Fans of tactics games have been keeping busy these last few years, with cracking games constantly releasing full of grid based goodness. Since the PS2 though Disgaea has been happily pumping out some of the most entertaining and outlandish tactics games imaginable, and for my money doesn’t get enough love for it. Disgaea 6, however, was a bit of a bump in the road when it released, with some serious technical issues on the Switch and a distinct lack of classes compared to previous titles. Well the Disgaea train is back on track now, thanks to Disgaea 7: Vows of the Virtueless.
In a series that’s all about different Netherworlds and the demons that inhabit them, there’s a danger of the games getting more ridiculous with each entry. Disgaea 7 deals with that by being set on one specific Netherworld with a samurai setting. There are two main characters this time around – the honourless wandering samurai Fuji and the Bushido obsessed fangirl Piririka. Sensing that Piririka has plenty of cash to help him pay off his debts, Fuji decides to aid her on her quest to find the seven legendary weapons and this unlikely duo set upon wandering the Netherworld and fighting anyone who stands in their way. The characters are just as zany as ever, and the wacky antics the cast get up to are pure unfiltered Disgaea.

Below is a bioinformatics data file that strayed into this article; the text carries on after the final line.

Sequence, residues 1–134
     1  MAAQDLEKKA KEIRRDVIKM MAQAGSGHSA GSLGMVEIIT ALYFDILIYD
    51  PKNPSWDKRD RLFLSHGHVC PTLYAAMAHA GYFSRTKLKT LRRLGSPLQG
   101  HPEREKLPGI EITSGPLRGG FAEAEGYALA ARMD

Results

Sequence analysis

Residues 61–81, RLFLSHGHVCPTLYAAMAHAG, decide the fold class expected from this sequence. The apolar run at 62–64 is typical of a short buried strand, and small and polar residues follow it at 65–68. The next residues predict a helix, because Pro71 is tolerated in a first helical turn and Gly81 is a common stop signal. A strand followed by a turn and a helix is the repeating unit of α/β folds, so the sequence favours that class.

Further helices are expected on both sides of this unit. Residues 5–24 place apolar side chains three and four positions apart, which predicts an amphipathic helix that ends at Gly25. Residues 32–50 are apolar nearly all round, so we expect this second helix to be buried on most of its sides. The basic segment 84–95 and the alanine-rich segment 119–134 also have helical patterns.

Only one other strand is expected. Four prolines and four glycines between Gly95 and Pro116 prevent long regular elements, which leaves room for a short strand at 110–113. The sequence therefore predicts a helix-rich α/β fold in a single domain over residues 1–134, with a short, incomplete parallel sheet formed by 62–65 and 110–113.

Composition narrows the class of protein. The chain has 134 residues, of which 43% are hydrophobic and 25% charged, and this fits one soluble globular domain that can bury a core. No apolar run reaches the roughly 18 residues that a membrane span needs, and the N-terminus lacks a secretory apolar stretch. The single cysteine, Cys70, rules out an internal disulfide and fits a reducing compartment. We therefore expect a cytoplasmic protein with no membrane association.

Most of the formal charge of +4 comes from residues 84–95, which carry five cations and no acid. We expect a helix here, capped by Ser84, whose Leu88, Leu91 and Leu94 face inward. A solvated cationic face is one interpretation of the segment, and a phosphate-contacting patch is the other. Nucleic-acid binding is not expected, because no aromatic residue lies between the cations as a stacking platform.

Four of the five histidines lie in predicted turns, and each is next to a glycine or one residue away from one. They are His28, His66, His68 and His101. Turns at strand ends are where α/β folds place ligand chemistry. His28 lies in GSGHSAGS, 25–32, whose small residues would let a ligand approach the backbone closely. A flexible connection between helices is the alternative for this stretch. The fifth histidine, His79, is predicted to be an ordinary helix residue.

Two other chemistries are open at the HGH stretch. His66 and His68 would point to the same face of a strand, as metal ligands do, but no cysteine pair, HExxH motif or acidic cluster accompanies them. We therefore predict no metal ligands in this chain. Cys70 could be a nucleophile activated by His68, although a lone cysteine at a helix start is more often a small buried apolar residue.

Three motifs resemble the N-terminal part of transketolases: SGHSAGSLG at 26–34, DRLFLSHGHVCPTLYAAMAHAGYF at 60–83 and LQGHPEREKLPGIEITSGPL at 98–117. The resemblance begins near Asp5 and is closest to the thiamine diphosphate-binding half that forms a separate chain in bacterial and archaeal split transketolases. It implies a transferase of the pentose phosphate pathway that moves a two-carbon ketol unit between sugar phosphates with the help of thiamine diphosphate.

If you’ve never played a game in the series before, at its core it’s a pretty standard tactics game. You have a team of various warriors, mages, and demons to control on your turn, and the aim of most stages is to defeat all the enemies before they defeat you. As your characters level up they’ll learn new skills that will help in battle, from ranged AoE blasts to mass heals for the party. The variety of different types of character and ability to make every battle interesting, and that’s before we get into the fancy stuff.
An important aspect is the lifting and throwing, and Vows of the Virtueless is no exception. Pretty much any character can pick up and throw every other character to move them around, which has huge implications in battle. At the start of a stage you might want to get your most powerful unit deep into enemy territory by passing them along a line of units, or maybe you want to get an enemy away from its healing allies by throwing it across the map. New are monster throws, which monster type units launch automatically when something is thrown on top of them. It’s another layer of complexity which lends itself to the thoughtful combat encounters that series fans love so much.
No element of Disgaea requires more thought than the Geo Panels, though, which also make their expected return here. Geo Crystals placed on Geo Panels will apply their effect to all panels of the same colour, which might be something helpful like boosting the defence of all allies, or might make enemies invincible and ruin your day. Thankfully you can lift, throw, or even destroy Geo Crystals to get rid of their effects or change them to be in your favour. The puzzle game elements that these panels apply to the game are still really interesting over two decades later, and destroying multiple crystals to unleash a chain reaction that destroys a whole screen of enemies simply does not get old.